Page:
Data for the use case of Hadoop
Hadoop and the future of the data warehouse
How important is Hadoop in the latest generation of data warehouses?
Bigger, faster, cheaper: that is the promise of distributed data processing infrastructures such as Hadoop or MongoDB. Applications such as
- Sentiment analysis,
- Recommendation engines or
- Realtime personalization in e-commerce.
How can Hadoop save costs and create value in the traditional business intelligence (BI) and data warehouse (DWH) environment?
Myths about Hadoop
First, it's important to know what Hadoop really is and what isn't. When you talk about Hadoop, you basically mean a whole portfolio of solutions. The core consists of the distributed file system HDFS and the processing framework YARN (formerly MapReduce). On top of that there are a bewildering variety of tools such as
- Hive: a module for SQL-like access to structured data
- Pig: a high-level language for creating distributed computing jobs
- HBase: a column store in the style of Google BigTable
- Mahout: a toolkit for data mining
And much more. Technology consultants can help you shed light on this jungle and find the right modules for you.
Hadoop is, so to speak, the Linux of data processing. It is not a tool, but provides a whole platform around which an ecosystem of tools has evolved. Distributors such as Hortonworks, Cloudera or MapR open up this platform for use in companies.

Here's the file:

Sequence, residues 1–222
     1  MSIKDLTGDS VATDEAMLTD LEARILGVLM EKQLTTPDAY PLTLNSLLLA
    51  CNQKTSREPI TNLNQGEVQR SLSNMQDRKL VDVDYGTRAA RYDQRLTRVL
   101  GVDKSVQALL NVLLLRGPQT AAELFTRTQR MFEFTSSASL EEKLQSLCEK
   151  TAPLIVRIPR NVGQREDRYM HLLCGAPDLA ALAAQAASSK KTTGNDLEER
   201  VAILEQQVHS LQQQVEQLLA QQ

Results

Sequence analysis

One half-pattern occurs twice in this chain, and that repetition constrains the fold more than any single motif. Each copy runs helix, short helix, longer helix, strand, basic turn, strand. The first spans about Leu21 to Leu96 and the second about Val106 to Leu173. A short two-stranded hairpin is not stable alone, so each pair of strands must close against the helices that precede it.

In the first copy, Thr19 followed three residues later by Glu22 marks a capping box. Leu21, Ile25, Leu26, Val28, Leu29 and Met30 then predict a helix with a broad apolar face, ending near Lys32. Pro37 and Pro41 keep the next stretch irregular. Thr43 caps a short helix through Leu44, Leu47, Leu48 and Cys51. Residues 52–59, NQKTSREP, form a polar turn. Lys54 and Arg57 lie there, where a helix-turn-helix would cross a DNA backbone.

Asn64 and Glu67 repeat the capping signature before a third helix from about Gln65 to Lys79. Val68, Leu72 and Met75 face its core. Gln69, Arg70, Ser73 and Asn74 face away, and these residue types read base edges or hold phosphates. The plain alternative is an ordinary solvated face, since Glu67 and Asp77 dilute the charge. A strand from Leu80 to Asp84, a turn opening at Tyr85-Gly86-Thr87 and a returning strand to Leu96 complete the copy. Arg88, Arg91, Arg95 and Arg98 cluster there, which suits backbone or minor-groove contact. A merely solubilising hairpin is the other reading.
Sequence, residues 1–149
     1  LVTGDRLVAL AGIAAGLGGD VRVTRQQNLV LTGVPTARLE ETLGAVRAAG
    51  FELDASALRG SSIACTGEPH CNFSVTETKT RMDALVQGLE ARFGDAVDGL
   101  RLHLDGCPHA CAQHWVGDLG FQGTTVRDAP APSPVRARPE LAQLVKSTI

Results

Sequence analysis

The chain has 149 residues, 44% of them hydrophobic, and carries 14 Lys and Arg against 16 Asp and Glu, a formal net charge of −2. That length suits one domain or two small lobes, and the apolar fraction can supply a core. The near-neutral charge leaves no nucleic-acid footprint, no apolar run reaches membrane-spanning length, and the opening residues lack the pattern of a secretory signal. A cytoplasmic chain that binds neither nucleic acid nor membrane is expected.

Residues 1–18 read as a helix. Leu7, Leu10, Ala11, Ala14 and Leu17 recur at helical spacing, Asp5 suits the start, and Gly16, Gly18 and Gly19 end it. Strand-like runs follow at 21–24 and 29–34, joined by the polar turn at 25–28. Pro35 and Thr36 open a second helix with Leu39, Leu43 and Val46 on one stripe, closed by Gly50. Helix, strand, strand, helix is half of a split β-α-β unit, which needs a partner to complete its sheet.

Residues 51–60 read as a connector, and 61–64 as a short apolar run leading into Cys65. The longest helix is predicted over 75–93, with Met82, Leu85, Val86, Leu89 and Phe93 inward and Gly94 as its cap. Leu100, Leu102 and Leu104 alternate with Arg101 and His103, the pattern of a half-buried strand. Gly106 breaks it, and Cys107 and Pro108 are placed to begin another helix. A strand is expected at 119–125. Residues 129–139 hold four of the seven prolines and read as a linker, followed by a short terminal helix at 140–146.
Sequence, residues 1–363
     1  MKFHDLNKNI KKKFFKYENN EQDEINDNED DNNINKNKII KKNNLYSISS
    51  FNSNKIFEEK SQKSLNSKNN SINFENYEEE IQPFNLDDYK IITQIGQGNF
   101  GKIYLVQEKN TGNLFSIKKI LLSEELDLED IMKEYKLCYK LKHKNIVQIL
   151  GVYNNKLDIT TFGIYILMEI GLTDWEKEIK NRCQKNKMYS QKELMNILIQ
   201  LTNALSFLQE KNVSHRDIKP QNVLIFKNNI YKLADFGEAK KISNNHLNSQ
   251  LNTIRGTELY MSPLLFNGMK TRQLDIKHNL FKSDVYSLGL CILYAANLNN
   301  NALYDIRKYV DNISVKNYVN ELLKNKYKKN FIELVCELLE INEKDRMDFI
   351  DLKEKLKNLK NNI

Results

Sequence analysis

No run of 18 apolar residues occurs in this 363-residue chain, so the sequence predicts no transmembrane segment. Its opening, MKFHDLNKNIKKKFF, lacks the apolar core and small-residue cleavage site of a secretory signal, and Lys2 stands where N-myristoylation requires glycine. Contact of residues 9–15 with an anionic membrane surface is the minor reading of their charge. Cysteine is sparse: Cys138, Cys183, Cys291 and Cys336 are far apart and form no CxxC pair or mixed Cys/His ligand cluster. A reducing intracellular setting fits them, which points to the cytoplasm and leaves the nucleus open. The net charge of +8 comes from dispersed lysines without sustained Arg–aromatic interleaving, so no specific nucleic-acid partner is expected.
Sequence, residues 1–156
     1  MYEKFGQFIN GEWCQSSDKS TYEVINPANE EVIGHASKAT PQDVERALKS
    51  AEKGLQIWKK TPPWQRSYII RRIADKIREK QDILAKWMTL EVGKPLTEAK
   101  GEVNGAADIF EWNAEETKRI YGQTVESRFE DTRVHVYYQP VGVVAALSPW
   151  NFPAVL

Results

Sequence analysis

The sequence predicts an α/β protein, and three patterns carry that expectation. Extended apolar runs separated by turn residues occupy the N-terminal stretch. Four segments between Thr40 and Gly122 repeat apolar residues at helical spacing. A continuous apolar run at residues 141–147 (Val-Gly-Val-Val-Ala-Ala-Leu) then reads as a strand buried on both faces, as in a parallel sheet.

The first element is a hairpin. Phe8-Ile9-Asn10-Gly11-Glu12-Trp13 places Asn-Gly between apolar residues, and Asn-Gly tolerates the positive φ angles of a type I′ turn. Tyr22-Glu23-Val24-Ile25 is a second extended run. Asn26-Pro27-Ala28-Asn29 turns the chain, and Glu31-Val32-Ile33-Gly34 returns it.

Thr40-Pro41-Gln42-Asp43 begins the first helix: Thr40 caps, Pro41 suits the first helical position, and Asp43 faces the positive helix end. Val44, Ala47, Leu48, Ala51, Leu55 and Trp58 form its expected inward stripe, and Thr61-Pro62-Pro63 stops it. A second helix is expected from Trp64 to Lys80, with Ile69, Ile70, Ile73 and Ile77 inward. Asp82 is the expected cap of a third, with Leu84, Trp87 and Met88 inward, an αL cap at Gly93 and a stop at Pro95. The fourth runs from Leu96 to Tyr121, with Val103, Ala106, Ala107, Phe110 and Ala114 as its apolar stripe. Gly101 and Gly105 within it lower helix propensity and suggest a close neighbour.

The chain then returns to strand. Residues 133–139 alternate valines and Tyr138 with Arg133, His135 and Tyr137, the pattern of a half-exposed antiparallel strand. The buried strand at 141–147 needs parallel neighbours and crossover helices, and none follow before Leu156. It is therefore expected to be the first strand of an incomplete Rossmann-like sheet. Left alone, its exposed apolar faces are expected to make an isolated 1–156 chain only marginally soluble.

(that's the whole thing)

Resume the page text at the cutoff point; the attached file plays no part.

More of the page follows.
The highlight of Hadoop
What is the key to Hadoop's success? The answer is simple: data storage in a cluster of commodity hardware scales with your application. So soon
- particularly large amounts of data or
- unstructured data
are to be processed, the solution shows its advantages. This is especially true if a later increase in data volume or complexity is essential for the business model.
Case 1: Hadoop as a staging area in the ETL process
In the staging of an ETL process, large amounts of data must be saved in the meantime and processed quickly. At the same time, different requirements are placed on the staging area than on an operational database. In current data warehouses, a classic relational database is often used for staging. That is expensive, and in the worst case, additional costs for complex extraction steps or bottlenecks in processing capacity inhibit the productivity and creativity of the analysts. By using Hadoop, cheaper storage space can be gained. Large amounts of data can be processed and complex questions are accessible.
In particular, you can enrich your own data through external influencing factors such as press, weather or trends.
Case 2: Hadoop as an ELT worker
The use case of Hadoop as an ELT worker is similar to its use as an inexpensive staging area. For this purpose, however, the lever is also used due to the improved processing capacity. This means that the calculations are carried out as an ELT process, quasi in-database, on the Hadoop node instead of in the ETL process. This means that computationally intensive analyzes can be carried out that were previously not manageable, for example the question of complicated correlations and links in the data.
Case 3: Hadoop preprocessing unstructured data